The heir to the throne highlighted the plight of refugees as thousands of Ukrainians continue to seek sanctuary from fighting in their homeland.
The poignant message also comes as the Home Office faces a backlash over its ‘shamefully cruel’ plan to send asylum seekers who arrive in the UK to Rwanda for processing.
The Prince of Wales said after meeting many ‘innocent victims of conflict’ over the years, he had found it ‘profoundly moving’ to see Brits come out in their thousands to offer Ukrainian refugees their homes.
He said in his message: ‘Today, millions of people find themselves displaced, wearied by their journey from troubled places, wounded by the past, fearful of the future – and in need of a welcome, of rest and of kindness.
‘Over the past years, I have found myself heartbroken at the sufferings of the innocent victims of conflict, or persecution, some of whom I have met and who have told me stories of unutterable tragedy as they have been forced to flee their country and seek shelter far from home.
‘But amidst all this sadness and inhumanity, it has been profoundly moving to see how so many people are ready to open their homes to those in need, and how they have offered their time and their resources to help those facing such soul-destroying sorrow and hardship.’
More than five million people have fled Ukraine since the Russian invasion seven weeks ago.
Around 200,000 people have expressed an interest in opening their homes to Ukrainian refugees under the government’s Homes for Ukraine sponsorship scheme.
However, people have expressed frustration with the ‘overly bureaucratic’ process – including former cabinet minister Robert Jenrick, who took in a family earlier this week.
Separately, the UK is also facing fierce criticism over a proposal to send asylum seekers 4,000 miles away to Rwanda, with the UN’s refugee agency calling it an ‘unacceptable’ breach of international law.
Charles invoked his religion as he concluded his poignant message by saying we must ‘dispel the darkness in the world’.
He said: ‘This Easter, as always, we are reminded of Our Lord’s timeless example of goodness in the face of suffering, of courage in the face of fear, of faith in the face of despair.
‘His light triumphed in that dark time.
‘I pray with all my heart that his inspiring example might help us all dispel the darkness of the world.’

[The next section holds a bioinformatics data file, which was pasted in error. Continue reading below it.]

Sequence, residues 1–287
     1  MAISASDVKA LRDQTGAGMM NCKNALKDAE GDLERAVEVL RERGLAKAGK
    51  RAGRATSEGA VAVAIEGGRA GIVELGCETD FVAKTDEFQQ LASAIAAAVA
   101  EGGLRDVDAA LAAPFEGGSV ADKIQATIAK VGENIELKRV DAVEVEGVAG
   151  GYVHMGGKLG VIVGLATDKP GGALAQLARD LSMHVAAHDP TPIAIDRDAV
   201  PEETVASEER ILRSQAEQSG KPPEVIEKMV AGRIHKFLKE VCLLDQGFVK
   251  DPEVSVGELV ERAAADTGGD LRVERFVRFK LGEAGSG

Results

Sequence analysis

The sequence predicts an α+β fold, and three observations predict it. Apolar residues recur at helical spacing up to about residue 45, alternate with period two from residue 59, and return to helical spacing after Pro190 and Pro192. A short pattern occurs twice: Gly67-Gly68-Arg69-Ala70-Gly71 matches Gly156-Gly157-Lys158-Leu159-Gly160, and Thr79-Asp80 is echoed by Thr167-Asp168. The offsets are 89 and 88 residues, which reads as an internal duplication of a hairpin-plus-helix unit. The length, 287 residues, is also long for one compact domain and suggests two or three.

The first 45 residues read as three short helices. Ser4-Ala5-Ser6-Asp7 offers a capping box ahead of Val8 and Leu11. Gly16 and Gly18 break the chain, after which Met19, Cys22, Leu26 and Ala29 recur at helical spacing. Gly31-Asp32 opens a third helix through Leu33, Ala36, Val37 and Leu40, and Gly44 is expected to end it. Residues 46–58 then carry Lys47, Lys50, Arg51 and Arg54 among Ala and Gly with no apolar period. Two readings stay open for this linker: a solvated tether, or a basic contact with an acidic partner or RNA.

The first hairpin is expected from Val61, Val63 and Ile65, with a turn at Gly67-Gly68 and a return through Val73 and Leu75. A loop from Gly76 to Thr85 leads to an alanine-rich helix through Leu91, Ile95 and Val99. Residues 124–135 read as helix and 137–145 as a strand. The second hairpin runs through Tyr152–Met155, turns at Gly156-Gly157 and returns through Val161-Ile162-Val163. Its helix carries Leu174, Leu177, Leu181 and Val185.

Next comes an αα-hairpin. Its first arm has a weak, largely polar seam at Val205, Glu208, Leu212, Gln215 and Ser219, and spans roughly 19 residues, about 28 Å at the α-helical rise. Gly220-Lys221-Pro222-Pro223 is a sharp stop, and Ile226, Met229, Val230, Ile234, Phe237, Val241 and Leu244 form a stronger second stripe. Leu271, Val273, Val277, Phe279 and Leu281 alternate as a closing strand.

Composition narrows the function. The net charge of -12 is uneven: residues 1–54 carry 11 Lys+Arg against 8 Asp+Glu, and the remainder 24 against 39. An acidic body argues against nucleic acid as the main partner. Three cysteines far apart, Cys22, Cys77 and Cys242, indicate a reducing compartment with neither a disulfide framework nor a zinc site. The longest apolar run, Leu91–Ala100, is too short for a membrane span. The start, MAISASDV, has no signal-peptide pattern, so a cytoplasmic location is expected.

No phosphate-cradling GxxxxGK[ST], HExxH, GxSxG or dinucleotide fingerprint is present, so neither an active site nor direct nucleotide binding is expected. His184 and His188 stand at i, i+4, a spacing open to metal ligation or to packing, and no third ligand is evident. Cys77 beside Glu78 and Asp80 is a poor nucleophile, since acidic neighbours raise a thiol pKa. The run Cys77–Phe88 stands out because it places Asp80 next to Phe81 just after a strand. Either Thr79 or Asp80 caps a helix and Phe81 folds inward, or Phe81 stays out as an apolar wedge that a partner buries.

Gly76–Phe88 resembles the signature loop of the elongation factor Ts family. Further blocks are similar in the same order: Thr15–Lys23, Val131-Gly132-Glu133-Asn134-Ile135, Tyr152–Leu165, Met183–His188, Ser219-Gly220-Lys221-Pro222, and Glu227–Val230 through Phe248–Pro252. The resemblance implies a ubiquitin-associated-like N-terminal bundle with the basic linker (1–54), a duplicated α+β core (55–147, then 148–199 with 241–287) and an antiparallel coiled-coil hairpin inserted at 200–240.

The Easter Sunday message comes after Charles had to replace the Queen at a service on Maundy Thursday.
Her Majesty, who is due to turn 96 this week, is understood to be in good health but suffering with mobility issues.
The Queen was able to attend the Thanksgiving Service for Prince Philip last month at Westminster Abbey.
But difficulties in moving and discomfort in travelling have meant that she has pulled out of several other key events, including the annual Commonwealth Day Service.
Royal sources indicated this week that the Queen is not expected to attend this year’s Easter Sunday morning church service.
It is unclear how the monarch will spend the long weekend, but the royals usually visit her at Windsor Castle.
The Queen’s now main residence was visited by Harry and Meghan earlier this week for the first time since they quit as senior royals.
The couple held secret meetings with the Queen and Prince Charles before flying to the Netherlands for the Invictus Games.
Thursday’s meeting is understood to have been viewed as a ‘crucial first step’ in improving relations between Harry and his family, with the prince reportedly using it to offer Charles an ‘olive branch’.
‘Harry contacted his father and said he was coming over with Meghan and he wanted to meet,’ an insider told The Sun.
‘Harry instigated it all. It was an olive branch from Harry and made in an effort to clear the air.
‘He made the approach to Charles who was obviously very happy, and accepted.’